• Girl: "Who are you?" Alien: "Er, I'm an alien.": The alien's species, due being advanced enough to switch from one physical body to another and even live the majority of their lives without a physical body, is largely asexual and aromantic. Procreation is largely sexless so their sexual needs have significantly dwindled, as have their romantic needs, but a minority of her species still engages in sexual activity purely for pleasure with no indication this as seen as abnormal or even wrong. When faced with the prospect of entering a romantic relationship with the girl, the alien's only qualm about it is that they will not be able to have children due to being same-sex but this doesn't bother her at all, implying that the alien's species has no issue with gay relationships in general. On top of this, gender roles have largely been antiquated and sex is treated as little more than a minor biological difference, as the alien has a pretty nonchalant view of gender and she doesn't even mention that she's a woman until she's asked, initially leading the girl to speculate that her species doesn't have the concept of gender.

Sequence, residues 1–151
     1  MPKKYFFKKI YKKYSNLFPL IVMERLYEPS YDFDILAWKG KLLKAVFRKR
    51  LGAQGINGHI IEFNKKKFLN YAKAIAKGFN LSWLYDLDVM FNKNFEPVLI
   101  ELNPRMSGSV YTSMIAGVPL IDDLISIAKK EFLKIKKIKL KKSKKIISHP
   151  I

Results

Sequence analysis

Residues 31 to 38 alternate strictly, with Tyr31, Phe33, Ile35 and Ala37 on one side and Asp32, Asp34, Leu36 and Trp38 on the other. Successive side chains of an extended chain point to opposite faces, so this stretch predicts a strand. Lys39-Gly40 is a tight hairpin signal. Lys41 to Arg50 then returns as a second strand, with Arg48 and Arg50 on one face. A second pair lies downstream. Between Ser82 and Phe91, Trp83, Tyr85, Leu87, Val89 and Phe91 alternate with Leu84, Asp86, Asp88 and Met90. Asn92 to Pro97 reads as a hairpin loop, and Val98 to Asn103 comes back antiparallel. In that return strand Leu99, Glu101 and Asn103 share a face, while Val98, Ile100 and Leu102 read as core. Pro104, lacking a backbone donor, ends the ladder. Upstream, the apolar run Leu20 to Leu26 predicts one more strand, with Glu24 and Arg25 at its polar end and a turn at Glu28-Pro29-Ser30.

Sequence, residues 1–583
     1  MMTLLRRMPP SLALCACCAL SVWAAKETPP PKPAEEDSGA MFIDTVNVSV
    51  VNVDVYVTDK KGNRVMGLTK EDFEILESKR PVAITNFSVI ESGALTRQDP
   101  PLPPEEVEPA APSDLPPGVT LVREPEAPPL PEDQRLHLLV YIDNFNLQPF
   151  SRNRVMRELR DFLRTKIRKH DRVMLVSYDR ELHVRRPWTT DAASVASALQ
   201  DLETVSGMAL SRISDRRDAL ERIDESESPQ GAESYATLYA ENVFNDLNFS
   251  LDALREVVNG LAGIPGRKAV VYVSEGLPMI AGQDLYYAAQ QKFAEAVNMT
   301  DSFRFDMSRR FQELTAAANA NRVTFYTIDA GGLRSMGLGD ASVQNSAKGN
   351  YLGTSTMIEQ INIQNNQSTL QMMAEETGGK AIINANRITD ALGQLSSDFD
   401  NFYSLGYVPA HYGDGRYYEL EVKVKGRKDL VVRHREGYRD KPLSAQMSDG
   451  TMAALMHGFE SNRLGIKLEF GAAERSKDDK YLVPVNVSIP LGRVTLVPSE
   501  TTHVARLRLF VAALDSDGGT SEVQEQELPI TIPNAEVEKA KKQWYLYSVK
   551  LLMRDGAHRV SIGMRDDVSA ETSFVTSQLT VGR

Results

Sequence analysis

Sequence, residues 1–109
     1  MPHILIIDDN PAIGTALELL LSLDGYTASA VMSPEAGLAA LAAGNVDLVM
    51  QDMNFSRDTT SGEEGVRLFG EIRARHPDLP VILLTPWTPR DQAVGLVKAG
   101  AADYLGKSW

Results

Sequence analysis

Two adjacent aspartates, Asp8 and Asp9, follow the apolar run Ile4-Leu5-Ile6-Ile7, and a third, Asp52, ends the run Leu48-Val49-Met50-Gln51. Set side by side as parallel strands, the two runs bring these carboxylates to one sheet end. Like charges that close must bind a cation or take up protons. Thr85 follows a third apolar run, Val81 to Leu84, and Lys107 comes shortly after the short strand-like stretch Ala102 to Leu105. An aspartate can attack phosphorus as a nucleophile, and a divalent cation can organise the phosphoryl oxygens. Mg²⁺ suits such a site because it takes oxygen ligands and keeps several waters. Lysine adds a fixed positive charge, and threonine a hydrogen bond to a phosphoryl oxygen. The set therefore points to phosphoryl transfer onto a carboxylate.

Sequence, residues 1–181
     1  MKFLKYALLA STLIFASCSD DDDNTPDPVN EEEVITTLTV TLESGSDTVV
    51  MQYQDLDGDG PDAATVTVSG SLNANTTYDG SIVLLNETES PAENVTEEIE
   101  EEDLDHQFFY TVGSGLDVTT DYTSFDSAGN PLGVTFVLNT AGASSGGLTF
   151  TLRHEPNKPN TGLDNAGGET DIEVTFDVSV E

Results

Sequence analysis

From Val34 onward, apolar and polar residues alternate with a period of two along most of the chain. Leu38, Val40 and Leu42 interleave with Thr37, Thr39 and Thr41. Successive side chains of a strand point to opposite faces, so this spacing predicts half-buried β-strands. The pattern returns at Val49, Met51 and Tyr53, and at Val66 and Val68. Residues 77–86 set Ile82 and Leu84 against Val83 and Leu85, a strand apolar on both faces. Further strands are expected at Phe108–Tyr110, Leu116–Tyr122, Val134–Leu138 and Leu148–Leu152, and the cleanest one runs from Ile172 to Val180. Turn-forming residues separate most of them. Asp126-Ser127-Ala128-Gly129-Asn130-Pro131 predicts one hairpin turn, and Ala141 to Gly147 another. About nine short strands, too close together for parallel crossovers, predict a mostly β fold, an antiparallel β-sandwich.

• Both parts of the Cityverse released so far have been queer romances involving personified Cities.
  • The The Second Mango by queer author Shira Glassman is set in a fantasy world where the concept of a lesbian or bisexual queen is treated as normal.
  • The Rise of Kyoshi and The Shadow of Kyoshi go deeper than the show and comics they're based on, explicitly showing Kyoshi's relationship with Rangi.
  • Deeper Up the Tower is a queer fantasy zine about the mysterious knight Florian and their climb through the strange, mind-bending Tower. A trippy and surreal tale told installments with illustrations. Florian encounters mythical creatures, colorful adventurers, and magical queer weirdos as they seek an uncertain goal.
  • The Nightrunner series takes place in a society where same sex relationships are entirely normalized and rarely commented on, and the main characters are two men in a romantic and sexual relationship.
  • The Doctrine of Labyrinths is a Dark Fantasy series is about a gay man, Felix, his brother, and their adventures. Felix is not the only gay character, either, and sexuality is heavily explored.
  • The Kingston Cycle is a Gaslamp Fantasy series featuring all queer protagonists.